Economic development is a very comprehensive phenomenon and does not only take into account Gross Domestic Product but different welfare aspects or parameters too. Amartya Sen views economic development as the expansion of capabilities of the citizen.
According to him, no doubt improvements in poor people’s incomes have the capacity to increase their freedoms but increase of income alone can no way improve development prospects of the economy. Rise in income alone has at best uneven and at worst has harmful impacts on the majority of a country’s population.
Hence, we need fundamental redistributive measures for the poor in order to reap the benefits of growth and development. As far as happiness is concerned, it is a very important part of development. If a country is not happy, it may grow but not develop in a real sense. Many empirical research studies point out to the fact that wealthy economies may not necessarily be happy economies.
For measuring happiness some of the main determinants must be taken into account such as individual income, social security, family structure, relationships and children, freedom and control, religious diversity, happiness and leisure, political stability, economic stability, democracy, etc. Since, economic development cannot ignore happiness, nature and scope of economics of happiness should be understood while dealing with welfare economics.
Happiness comes from within and is something that in no way can be explained in words. It can only be felt from someone’s real expressions. On the other hand, quality of life is completeness of life. It is a more subjective and elusive term than standard of living which is merely the richness of life. Our lifestyles and preferences affect our overall quality of life and hence, vary from person to person.
The economics of happiness concerns the qualitative, quantitative, and theoretical analysis of happiness and quality of life and its related concepts affecting welfare directly or indirectly. It enquires subjective happiness-related measures and objective quality of life measures rather than just income, wealth, or profit parameters.
The economics of happiness is an approach to measure economic welfare combining the techniques normally used by economists and psychologists. It is dependent upon national as well as global welfare surveys reporting the wellbeing of hundreds of thousands of individuals across countries and continents.
Moreover, it is also based upon more advanced utility concepts than mere cardinal and ordinal utility analysis highlighting the role of factors that affect well-being of individuals. This approach is used well in areas where revealed preferences offer inadequate information, such as the welfare impact of income inequality.
It is not wrong to say that this approach provides alternative measures of well-being thereby highlighting different aspects of the economic processes that also matter to economic welfare. These aspects comprise the social insecurity caused by poverty movements, the welfare impact of effects of changes in the income and expenditure pattern over the life or distributional shifts at different levels and changes in well-being that are governed by massive rise in globalization and digitalization.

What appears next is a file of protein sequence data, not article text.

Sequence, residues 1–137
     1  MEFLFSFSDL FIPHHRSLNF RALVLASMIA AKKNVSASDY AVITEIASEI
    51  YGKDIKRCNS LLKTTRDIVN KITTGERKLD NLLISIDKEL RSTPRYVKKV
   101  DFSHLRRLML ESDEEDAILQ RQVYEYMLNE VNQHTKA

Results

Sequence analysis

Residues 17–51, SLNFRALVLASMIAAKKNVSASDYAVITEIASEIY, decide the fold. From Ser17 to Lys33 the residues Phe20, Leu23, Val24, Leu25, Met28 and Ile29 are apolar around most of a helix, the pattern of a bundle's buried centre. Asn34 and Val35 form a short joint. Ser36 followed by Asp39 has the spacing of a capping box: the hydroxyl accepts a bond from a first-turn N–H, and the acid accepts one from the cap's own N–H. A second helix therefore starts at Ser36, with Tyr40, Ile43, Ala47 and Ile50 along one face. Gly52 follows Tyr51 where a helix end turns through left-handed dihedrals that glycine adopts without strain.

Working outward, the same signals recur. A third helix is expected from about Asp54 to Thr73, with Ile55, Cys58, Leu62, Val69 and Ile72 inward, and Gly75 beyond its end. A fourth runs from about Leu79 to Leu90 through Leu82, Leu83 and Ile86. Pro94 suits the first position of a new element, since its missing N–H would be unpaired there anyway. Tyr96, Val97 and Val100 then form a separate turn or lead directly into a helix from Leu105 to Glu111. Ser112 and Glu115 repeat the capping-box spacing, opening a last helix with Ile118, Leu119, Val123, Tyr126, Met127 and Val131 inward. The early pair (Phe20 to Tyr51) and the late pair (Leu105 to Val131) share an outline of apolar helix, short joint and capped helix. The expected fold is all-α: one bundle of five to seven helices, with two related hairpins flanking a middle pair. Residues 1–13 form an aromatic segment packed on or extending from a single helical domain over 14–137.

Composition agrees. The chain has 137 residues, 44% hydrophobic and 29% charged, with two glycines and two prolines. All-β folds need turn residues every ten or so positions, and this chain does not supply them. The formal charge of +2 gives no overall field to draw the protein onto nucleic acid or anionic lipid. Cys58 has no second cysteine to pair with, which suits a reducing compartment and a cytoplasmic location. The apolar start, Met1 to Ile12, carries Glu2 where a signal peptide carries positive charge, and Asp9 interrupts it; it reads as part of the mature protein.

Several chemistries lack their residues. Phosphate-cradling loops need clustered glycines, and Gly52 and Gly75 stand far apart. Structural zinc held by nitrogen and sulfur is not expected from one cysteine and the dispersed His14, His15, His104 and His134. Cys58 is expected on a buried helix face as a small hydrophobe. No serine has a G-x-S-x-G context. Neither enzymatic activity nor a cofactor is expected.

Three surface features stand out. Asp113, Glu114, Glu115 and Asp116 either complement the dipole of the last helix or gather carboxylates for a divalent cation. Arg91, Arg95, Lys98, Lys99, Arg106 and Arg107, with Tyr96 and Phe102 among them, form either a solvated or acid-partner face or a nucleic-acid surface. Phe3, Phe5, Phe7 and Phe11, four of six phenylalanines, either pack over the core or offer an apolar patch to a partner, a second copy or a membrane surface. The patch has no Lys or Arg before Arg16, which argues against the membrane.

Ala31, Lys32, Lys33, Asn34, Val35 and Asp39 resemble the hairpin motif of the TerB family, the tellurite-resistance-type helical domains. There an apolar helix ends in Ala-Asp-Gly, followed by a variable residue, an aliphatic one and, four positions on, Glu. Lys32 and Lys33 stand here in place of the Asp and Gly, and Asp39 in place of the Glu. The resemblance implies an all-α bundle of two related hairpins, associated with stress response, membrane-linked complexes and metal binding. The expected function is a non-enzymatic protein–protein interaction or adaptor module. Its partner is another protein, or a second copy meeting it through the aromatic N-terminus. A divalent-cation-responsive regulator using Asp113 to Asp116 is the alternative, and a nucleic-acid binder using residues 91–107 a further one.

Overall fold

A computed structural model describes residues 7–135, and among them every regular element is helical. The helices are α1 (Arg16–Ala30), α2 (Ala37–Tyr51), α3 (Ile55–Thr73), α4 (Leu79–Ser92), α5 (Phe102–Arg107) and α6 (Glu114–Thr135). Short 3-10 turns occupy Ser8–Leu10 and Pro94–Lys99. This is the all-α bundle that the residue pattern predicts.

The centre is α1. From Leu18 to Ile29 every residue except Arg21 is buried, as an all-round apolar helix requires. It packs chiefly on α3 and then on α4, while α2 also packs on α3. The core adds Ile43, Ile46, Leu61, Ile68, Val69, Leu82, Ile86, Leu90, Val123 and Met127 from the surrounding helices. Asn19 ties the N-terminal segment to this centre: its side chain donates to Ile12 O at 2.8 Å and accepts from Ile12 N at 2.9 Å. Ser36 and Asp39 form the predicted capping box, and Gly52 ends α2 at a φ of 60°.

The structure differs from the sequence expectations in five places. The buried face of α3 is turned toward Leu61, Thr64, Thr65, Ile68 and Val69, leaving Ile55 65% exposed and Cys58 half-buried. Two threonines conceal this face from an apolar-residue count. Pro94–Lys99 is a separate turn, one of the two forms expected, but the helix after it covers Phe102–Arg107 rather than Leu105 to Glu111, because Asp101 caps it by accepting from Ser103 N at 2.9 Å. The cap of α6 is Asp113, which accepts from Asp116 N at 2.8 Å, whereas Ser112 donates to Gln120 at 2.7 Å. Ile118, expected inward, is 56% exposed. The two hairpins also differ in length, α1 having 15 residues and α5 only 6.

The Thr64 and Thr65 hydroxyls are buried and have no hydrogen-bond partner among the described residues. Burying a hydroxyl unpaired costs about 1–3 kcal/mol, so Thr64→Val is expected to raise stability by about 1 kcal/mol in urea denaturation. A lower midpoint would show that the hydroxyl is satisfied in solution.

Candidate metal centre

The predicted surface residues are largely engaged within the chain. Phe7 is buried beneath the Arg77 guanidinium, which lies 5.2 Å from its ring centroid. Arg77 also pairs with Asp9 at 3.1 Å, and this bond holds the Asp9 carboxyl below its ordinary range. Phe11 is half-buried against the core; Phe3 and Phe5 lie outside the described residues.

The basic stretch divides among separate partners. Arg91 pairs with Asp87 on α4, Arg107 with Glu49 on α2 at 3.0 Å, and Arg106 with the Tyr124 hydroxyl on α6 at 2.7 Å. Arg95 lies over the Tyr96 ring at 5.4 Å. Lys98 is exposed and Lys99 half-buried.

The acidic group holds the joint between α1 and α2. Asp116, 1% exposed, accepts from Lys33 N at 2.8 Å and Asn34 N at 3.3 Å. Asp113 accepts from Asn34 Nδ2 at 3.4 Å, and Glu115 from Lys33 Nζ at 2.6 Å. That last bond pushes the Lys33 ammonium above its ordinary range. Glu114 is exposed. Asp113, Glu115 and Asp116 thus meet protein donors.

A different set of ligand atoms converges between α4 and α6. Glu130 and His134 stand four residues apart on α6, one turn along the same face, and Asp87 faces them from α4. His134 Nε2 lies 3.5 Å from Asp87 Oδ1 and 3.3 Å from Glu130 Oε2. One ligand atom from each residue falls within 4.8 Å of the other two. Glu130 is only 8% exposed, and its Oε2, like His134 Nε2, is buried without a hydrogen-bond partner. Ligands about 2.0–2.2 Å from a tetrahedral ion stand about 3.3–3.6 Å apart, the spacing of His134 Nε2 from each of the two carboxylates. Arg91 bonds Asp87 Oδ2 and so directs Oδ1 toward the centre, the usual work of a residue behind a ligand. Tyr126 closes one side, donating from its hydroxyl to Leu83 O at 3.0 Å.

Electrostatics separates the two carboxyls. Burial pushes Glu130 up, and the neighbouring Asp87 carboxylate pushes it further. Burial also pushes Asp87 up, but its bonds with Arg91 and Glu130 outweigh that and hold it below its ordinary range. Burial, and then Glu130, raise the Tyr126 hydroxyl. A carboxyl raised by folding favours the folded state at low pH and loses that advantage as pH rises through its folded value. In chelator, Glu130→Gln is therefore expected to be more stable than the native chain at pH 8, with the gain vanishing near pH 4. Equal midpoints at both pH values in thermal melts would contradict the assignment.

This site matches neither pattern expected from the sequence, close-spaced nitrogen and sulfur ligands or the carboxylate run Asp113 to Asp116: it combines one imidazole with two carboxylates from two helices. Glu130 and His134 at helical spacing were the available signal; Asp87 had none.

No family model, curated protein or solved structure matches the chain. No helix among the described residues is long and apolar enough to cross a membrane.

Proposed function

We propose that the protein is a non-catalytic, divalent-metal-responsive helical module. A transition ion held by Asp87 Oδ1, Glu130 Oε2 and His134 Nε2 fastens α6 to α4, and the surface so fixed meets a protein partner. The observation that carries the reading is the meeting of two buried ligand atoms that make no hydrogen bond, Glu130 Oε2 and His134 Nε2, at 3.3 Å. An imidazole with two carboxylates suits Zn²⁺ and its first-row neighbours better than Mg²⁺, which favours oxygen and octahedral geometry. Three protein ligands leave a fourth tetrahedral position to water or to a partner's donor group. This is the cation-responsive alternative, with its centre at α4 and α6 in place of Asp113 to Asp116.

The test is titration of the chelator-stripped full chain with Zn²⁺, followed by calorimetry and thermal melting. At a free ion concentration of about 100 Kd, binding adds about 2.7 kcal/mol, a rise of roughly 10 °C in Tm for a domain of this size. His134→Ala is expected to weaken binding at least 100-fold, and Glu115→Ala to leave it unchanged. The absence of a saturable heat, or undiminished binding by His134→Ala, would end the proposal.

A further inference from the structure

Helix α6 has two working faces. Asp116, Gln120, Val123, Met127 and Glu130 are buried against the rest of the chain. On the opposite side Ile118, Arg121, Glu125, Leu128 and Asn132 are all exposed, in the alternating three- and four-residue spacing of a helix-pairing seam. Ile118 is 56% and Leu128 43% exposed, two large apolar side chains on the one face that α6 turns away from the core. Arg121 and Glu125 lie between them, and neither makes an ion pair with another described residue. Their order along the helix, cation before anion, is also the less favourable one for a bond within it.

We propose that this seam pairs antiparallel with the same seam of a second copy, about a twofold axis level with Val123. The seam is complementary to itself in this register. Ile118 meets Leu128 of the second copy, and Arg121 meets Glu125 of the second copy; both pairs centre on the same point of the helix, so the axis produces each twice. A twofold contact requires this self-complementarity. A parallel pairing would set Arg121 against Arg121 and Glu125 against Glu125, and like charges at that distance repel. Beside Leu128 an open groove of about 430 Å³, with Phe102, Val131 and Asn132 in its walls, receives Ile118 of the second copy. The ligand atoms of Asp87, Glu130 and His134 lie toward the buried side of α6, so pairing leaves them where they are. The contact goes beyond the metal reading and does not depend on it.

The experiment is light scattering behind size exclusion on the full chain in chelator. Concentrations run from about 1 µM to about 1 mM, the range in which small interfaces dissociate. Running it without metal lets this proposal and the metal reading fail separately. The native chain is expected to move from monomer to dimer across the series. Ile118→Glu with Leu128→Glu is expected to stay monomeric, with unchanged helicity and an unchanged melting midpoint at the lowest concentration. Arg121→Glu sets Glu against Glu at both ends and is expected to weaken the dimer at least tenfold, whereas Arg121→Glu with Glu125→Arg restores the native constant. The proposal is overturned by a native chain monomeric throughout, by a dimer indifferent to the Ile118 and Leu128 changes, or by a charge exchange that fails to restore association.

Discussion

Economics of happiness should not only measure happiness aspects. While highlighting or emphasizing the multiple benefits of economic localization, the economics of happiness branch should explain clearly not only the social costs of the present day global economy but religious and ecological costs too.
Different documentaries or short films should be made showcasing the steps people should take globally to reconstruct their local economies and communities so as to make them happy. Economics of happiness is beyond what is seen and observed and it should model a happy world which at present moves all together in two opposing directions.
On one hand, authorities are in the race of promoting globalization, liberalization, and privatization together with strengthening corporate power. On another hand, there are developments of communities coming together to make more human-happy centric and sustainable economies based on a new model of economics of localization.
There is no denying the fact that economics of localization can increase productivity levels in an economy in general and industry in particular. As a result, it will boost the happiness index of economies too.
Since the late 20th century, we see the significant development of the field of economics of happiness and the main governing factors are the development of measures, methods, and surveys measuring happiness and its allied aspects. Economics of happiness and construction of various happiness indices have been described as a challenge to the theory and practice of welfare economics.
Nonetheless, promoting gross national happiness, as well as a specific happiness index to measure happiness, should be adopted candidly in the constitution of India and other democracies to correct the bad characteristics of the economy and guide its economic governance.
It is very important to understand the nature and significance of local economies or economics of localization. It will have a dual effect: On one hand, it will promote our domestic or indigenous industries and on another hand, it will promote happiness and quality of life of its people.
Dr. Binish Qadri, Assistant Professor, Department of Economics, Cluster University, Srinagar
DISCLAIMER: The views and opinions expressed in this article are the personal opinions of the author.
The facts, analysis, assumptions and perspective appearing in the article do not reflect the views of GK.